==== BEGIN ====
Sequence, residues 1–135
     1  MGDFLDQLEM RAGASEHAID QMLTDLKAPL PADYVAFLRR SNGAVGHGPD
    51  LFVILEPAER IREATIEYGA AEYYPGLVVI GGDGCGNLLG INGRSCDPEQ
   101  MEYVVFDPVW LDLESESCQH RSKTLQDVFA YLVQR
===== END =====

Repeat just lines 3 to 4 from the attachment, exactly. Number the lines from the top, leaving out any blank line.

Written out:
    51  LFVILEPAER IREATIEYGA AEYYPGLVVI GGDGCGNLLG INGRSCDPEQ
   101  MEYVVFDPVW LDLESESCQH RSKTLQDVFA YLVQR